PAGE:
Ten years ago
So, local authority workers think a 2% pay offer is bad. Trust us, it could be worse – a decade ago, care workers at a Norfolk nursing home were given supermarket vouchers as part of their pay deal.
At the time, the proprietor said it was the only way of giving low-paid workers an increase (offering vouchers is cheaper because they attract lower employer National Insurance contributions).
Let’s hope this doesn’t give the Local Government Employers any silly ideas. Before we know it, they could be back at the bargaining table 1% plus £50 M&S vouchers, or two-for-one vouchers for Woolworths.
Social workers topped the stress league of 100 different professionals back in May 1997. The survey compared the effects of pay, public esteem, workloads and expectations. The researcher said “there are fewer social workers, they are less valued by society and they are more accountable than ever before”. Sound familiar?
Perhaps social workers would be less stressed if they’d taken heed of then Scottish health minister Sam Galbraith’s warning ten years ago of “too many meetings, not enough action”. He urged social work departments to take a long, hard look at spending on bureaucratic structures and procedures.
Apparently, his please fell on deaf ears. As we revealed in 26 April, our exclusive survey of 1,000 social workers found that three-quarters of social workers spend more than 40% of their time today on admin.
Five years ago
St Albans Council’s ran into trouble five years ago after this story found its way into the local papers. the council’s housing department placed a homeless alcoholic with mental health needs in a lap dancing pub.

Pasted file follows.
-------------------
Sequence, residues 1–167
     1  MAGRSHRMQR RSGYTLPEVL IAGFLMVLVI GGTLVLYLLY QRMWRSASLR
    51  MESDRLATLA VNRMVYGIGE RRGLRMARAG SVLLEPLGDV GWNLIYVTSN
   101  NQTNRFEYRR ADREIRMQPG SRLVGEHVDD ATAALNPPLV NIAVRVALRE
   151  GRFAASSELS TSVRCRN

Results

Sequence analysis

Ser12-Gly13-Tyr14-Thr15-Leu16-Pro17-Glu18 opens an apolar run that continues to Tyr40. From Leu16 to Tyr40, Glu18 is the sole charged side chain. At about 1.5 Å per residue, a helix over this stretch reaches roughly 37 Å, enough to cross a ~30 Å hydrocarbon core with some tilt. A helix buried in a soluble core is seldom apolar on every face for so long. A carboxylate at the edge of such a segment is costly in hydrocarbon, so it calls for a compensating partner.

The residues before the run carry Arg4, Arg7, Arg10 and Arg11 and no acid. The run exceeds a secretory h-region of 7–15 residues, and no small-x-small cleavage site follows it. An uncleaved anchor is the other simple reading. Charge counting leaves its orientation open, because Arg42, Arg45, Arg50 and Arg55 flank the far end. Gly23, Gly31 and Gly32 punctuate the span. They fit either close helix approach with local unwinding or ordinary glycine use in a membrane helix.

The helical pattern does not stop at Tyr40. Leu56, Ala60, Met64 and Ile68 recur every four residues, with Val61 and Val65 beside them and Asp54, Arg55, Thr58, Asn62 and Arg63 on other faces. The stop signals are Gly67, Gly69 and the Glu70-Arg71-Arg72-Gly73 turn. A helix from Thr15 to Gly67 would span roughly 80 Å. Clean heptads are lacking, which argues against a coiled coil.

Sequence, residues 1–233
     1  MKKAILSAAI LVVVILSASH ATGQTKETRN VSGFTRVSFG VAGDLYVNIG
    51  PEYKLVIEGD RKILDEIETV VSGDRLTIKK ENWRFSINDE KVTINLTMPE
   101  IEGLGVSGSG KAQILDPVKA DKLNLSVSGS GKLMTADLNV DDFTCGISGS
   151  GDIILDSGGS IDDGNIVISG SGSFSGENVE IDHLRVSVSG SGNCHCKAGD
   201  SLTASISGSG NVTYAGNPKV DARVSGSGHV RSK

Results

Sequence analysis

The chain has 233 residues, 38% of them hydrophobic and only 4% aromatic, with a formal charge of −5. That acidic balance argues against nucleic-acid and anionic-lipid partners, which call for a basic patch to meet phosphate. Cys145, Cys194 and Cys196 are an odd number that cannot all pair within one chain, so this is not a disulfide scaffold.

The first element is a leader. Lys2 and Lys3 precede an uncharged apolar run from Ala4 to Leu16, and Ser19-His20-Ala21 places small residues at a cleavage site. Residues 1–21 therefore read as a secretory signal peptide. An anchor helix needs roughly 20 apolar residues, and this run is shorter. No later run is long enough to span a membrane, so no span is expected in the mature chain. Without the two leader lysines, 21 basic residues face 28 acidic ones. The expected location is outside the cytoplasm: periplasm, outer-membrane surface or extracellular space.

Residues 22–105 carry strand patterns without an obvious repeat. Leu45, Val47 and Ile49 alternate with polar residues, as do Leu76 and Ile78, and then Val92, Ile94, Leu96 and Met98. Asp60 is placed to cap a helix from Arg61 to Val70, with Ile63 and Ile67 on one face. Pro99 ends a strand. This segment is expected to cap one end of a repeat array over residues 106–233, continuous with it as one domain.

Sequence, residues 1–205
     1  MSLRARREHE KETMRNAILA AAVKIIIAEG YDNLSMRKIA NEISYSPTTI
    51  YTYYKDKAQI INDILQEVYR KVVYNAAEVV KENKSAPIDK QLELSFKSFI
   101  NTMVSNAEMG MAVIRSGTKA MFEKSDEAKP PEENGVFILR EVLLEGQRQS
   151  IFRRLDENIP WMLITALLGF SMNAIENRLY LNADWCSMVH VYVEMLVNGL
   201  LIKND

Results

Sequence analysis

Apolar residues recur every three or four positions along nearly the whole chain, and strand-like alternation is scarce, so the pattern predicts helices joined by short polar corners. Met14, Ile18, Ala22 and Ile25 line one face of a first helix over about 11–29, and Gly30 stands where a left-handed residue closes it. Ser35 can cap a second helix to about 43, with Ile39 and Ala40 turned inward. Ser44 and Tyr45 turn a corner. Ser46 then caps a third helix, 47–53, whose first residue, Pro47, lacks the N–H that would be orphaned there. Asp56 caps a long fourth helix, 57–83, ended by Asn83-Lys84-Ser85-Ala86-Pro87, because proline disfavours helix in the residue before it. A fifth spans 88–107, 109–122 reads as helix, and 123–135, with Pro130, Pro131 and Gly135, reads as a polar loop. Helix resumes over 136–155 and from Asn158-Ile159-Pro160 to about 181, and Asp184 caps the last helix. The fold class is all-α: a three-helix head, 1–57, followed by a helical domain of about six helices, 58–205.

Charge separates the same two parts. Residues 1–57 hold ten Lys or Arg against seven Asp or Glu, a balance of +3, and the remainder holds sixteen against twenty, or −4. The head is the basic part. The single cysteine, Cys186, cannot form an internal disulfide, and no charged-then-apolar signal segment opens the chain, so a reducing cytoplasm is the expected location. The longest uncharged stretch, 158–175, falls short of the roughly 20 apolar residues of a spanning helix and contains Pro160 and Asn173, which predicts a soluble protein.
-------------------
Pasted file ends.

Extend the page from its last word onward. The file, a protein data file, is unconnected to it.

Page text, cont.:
As if that wasn’t bad enough, it emerged that children, women fleeing domestic violence, and a teenage mum had also been housed in the same pub.
In what must have been one of the gross understatements of the year, a council spokesperson questioned about the suitability of the venue for vulnerable clients admitted it was “far from ideal”.
Sadly, venues that are even further from ideal continue to be used today – the
shortage of good B&Bs means we still hear stories of care leavers being housed nextdoor to crack dens and mixing with drug addicts and criminals. It makes lap dancing pubs looks relatively innocuous by comparison.
Social workers may laugh hollowly when re-reading Alan Milburn’s speech to the RCN Congress in May 2002. The then health secretary told delegates that social services were no longer the poor relation of health services and that thanks to the Budget, social services would have extra resources to stabilise the care homes market and buy more care home beds.
Note, he did not say social services would have extra resources to bail out overspent primary care trusts – although perhaps that’s what PCT chief executives thought Milburn meant when he said: “Health and social servicesboth rely on each other.”